Feline Parvo: Symptoms, Treatment, and Recovery

Having a cat is a rewarding experience but also comes with a lot of responsibility. One important thing to remember is that cats can get sick just like any other animal, and sometimes even more easily since they are small creatures.

This blog post will provide a comprehensive guide on feline parvo, including symptoms, treatment, and recovery.

What is Feline Parvovirus?

Feline parvovirus (FPV), also known as panleukopenia, is a highly contagious and potentially fatal disease that affects cats of all ages. The virus is most commonly spread through contact with infected feces but can also be transmitted through contact with contaminated surfaces or objects.

When an infected cat sheds the virus in its feces, it can live on surfaces for weeks or even months. This means that even if your cat is up to date on vaccinations, it can still contract the virus if it comes into contact with contaminated materials.

The feline parvovirus has been known to infect cats, minks, and other animals, since the 1920s. However, it was not until the 1960s to 1970s that the disease became widespread in the cat population. With the development of vaccines in the late 1960s, the mortality rate for FPV dropped. Even with this decrease, the virus is still a significant health concern for cats, as it can cause severe illness and death.

Symptoms of Cat Parvovirus

The symptoms of feline parvo are similar to those of dogs with the disease. The most common symptom is vomiting, which may be accompanied by diarrhea. Other symptoms include:

  • Lethargy
  • Loss of appetite
  • Fever
  • Dehydration
  • Weight loss
  • Diarrhea that can be bloody
  • The virus can cause dehydration, anemia, and death in severe cases.

Treatment of Feline Parvovirus

There is no specific treatment for cat parvovirus, and most infected cats will require hospitalization. Treatment focuses on supporting the cat and treating the symptoms.

Dehydration is a common complication of FPV, so intravenous fluids are often necessary to prevent dehydration. Antibiotics may also be prescribed to avoid secondary bacterial infections. During their stay in the vet clinic or hospital, they may be given food and water through a feeding tube to prevent vomiting and help them stay hydrated.

Cats that are infected with the virus should be isolated from other cats to prevent the spread of the disease.

Recovery from Feline Parvo

The prognosis for cats with feline parvo is generally good, especially if the cat is treated early. Most cats will recover from the disease with supportive care within two to three weeks.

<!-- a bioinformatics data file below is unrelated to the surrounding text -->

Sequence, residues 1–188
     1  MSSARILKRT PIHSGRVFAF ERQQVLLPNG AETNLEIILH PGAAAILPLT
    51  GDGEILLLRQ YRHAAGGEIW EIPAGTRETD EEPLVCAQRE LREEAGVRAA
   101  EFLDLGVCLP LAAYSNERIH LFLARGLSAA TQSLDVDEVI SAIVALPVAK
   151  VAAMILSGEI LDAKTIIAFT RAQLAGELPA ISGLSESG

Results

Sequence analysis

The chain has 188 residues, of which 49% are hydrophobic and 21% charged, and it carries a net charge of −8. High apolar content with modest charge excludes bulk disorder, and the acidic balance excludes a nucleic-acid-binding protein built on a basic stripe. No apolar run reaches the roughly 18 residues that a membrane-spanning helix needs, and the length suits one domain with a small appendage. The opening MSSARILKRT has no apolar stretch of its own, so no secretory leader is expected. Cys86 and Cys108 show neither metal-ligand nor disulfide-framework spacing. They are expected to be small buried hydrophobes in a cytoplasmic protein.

However, some cats may develop chronic health problems such as intestinal blockages or liver disease. These cats will require lifelong management and care. This is the importance of a pet wellness plan that includes regular check-ups and vaccinations to help prevent disease.

After your cat is discharged from the hospital, monitoring them closely and taking them back to the vet for follow-up appointments is essential. These appointments will help ensure that your cat is recovering properly and help catch any potential complications early. You should also keep your cat isolated from other animals during their recovery to prevent spreading the disease.

The following are some tips to help your cat recover quickly after discharge from the hospital or clinic:

  • Give them small, frequent meals instead of large meals to prevent vomiting.
  • Provide plenty of fresh water.
  • Monitor their bathroom habits closely and contact your vet if you notice any changes.
  • Do not allow them to exert themselves too much as they may be susceptible to dehydration.

Prevention of Feline Parvovirus

The best way to prevent feline parvo is to vaccinate your cat against the virus (follow this link for more info). Kittens should be vaccinated at 8, 12, and 16 weeks of age and then boostered annually. Cats at high risk for the disease, such as those that go outside or live in shelters, may need to be vaccinated more often.

Here are other preventive measures to avoid FPV:

  • Practice good hygiene and cleanliness.
  • Wash your hands thoroughly after handling any sick animals.
  • Do not allow sick animals to come into contact with healthy animals.

Remember

Feline Parvovirus is a serious disease that can be deadly for cats, so it is important to take preventive measures to protect your cat. Vaccinating your cat is the best way to prevent the disease, and keeping them indoors can help reduce the virus’s exposure risk.

Contact your vet immediately if you think your cat may have been exposed to the virus. Make sure to choose one that offers other vet services, such as surgery, dentistry, etc. Ask for recommendations or look online. For instance, search “veterinary dentist near me” or “veterinary clinic near me.”

By | 2022-06-10T21:38:38+00:00 September 12th, 2022|Business / HR|0 Comments